Every so often, our editorial staff selects one aftermarket industry professional to get to know a little better. Participants are asked to respond to a series of questions that can be answered in about the same amount of time you might spend chatting at the office coffee pot or waiting for an elevator. In this installment of “5 Minutes With,” we get to know Jack Roush Jr., vice president of marketing and part of the ROUSH Performance family dynasty.
What was your first job in the in dustry?
As you might expect, I’ve been around the industry my whole life. Growing up, I worked in the family business, working in our paint shop, special projects, maintenance, and elsewhere. As for my career, I didn’t immediately work in my family’s business or in the industry for a number of years after I graduated. Instead, I co-founded a tech start-up with some friends of mine beginning in the late 1990’s. When I was six years old, my father got me started racing in karts while my mother got me started in programming classes. It’s funny that two of my passions started at the same time and continue today. So, developing technology was right in my wheelhouse. I worked in that business for ten years, innovating search and other technology.
In 2004, even though I was still at my tech company, I began to take part in ROUSH Performance (RPP). I went from racing karts my whole life to racing full sized vehicles, first in drag racing, then in road racing – representing the ROUSH brand on track. Also, my tech company began supporting ROUSH Performance with consulting services. Eventually, I left that company in 2008, focusing my efforts full-time to help elevate the web side of RPP.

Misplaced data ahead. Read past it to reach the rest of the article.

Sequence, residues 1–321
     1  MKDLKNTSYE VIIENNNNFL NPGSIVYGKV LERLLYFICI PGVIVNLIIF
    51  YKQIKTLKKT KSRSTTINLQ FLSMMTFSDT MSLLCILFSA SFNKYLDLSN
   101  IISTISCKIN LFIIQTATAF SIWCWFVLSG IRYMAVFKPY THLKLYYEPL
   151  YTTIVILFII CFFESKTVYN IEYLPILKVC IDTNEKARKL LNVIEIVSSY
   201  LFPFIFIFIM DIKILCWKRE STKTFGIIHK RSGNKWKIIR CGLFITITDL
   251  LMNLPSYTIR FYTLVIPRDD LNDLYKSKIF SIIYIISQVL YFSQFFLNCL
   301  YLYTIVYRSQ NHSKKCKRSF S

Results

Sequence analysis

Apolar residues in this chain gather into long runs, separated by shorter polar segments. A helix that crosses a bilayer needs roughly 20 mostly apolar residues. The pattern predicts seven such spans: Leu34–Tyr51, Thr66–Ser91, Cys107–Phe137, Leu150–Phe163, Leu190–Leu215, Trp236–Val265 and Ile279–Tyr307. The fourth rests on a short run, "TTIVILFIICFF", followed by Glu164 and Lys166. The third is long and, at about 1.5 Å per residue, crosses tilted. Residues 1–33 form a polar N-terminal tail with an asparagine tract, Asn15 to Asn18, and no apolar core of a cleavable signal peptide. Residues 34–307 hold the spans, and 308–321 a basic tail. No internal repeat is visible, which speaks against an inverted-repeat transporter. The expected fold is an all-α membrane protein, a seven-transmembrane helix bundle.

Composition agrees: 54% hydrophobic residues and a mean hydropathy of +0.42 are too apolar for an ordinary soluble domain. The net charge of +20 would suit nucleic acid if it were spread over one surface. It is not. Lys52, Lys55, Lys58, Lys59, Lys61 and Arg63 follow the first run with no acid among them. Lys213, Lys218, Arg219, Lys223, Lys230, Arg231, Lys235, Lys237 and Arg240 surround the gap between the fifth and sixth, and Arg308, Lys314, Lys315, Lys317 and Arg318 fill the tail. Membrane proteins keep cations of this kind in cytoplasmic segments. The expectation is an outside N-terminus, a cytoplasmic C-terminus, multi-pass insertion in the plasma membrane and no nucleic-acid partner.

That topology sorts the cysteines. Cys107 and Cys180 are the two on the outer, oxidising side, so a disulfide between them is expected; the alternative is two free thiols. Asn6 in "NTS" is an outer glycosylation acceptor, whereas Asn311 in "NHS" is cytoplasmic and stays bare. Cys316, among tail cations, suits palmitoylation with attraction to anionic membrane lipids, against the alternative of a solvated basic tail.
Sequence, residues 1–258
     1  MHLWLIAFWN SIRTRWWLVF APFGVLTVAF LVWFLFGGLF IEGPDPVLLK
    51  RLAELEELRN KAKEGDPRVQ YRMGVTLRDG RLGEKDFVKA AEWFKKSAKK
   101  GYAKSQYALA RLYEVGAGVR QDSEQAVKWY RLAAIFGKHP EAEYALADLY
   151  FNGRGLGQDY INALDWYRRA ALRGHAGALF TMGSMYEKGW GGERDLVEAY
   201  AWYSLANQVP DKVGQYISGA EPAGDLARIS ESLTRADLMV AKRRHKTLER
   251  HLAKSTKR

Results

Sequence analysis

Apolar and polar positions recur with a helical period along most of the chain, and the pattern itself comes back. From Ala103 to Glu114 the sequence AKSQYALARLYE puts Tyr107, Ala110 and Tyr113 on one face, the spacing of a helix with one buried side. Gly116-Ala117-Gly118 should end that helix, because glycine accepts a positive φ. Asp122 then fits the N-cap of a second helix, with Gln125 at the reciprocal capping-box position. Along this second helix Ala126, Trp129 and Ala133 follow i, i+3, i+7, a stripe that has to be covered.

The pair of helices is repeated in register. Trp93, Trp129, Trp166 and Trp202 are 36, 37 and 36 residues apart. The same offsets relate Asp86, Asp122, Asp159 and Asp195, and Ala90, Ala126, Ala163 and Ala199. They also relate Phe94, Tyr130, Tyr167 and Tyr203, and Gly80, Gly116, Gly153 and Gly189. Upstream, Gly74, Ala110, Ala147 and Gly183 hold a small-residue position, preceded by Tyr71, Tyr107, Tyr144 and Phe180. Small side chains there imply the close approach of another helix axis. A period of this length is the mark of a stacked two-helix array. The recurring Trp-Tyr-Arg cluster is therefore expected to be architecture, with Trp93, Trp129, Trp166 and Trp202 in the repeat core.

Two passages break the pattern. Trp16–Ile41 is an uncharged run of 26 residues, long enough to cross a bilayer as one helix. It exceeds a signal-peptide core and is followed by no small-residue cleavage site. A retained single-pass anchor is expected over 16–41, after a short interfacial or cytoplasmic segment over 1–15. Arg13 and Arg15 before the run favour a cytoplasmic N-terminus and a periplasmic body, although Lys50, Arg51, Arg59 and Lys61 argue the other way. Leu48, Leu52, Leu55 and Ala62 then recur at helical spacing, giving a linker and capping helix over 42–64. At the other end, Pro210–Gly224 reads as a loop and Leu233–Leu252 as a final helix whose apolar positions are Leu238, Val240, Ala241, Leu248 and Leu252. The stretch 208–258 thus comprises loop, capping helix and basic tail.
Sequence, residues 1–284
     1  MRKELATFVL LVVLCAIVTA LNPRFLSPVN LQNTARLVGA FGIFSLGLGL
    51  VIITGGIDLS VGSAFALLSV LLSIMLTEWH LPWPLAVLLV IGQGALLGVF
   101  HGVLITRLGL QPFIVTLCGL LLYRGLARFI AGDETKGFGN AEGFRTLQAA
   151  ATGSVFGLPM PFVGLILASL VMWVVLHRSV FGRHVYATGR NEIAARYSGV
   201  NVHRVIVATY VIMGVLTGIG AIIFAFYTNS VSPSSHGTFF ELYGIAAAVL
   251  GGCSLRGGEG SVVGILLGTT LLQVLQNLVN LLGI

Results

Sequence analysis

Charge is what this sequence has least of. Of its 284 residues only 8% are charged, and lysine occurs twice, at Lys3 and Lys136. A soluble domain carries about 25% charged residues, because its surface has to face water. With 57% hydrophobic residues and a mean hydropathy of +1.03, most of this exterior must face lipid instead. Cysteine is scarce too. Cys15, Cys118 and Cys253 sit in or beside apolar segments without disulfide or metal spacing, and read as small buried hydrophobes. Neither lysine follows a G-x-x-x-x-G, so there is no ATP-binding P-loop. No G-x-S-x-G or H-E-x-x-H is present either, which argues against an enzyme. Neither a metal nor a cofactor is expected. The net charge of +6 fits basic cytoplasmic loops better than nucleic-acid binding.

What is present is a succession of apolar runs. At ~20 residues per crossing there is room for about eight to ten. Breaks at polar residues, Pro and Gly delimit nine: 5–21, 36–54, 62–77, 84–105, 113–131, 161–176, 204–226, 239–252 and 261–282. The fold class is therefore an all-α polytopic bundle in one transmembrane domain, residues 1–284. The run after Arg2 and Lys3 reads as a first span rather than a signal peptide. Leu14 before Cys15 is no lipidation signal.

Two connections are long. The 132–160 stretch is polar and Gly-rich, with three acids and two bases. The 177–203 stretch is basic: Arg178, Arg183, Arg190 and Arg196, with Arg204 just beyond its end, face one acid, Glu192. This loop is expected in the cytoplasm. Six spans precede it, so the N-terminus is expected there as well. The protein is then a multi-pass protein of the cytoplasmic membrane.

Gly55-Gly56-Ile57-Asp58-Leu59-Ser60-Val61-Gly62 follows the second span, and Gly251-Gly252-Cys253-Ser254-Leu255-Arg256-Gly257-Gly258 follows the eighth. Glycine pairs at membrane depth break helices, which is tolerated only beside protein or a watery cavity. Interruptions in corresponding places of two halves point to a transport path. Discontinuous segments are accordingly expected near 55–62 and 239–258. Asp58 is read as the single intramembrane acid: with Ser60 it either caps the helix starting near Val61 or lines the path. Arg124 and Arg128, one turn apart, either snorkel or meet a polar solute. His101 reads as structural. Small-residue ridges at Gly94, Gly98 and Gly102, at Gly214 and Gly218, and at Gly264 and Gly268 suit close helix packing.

What would you say you like most about your current position?
I’ve loved being part of RPP across all of the roles that I’ve served in from managing the web side of the business, product development, and strategy. We have a special blend of performance, engineering excellence, and competitiveness that I’ve always been excited about and proud of. Having grown up around racing, it’s just a part of who I am. RPP takes that same passion for racing and instills that into quality products that help our customers live that excitement.
My current role is VP of Marketing. I took over the marketing department right before the pandemic hit in 2020. As it was for everyone, this was an uncertain time. We didn’t know how things were going to shake out. We couldn’t go out and see our customers. Honestly, it was pretty heartbreaking. Luckily, we have a great marketing team full of talented people who truly care about the brand and our customers, and they are automotive enthusiasts themselves as well. Through the uncertain times, we continued supporting our dealers. We also focused on entertaining our audience while things were locked down with content and even our own eSports series in iRacing, which continues today.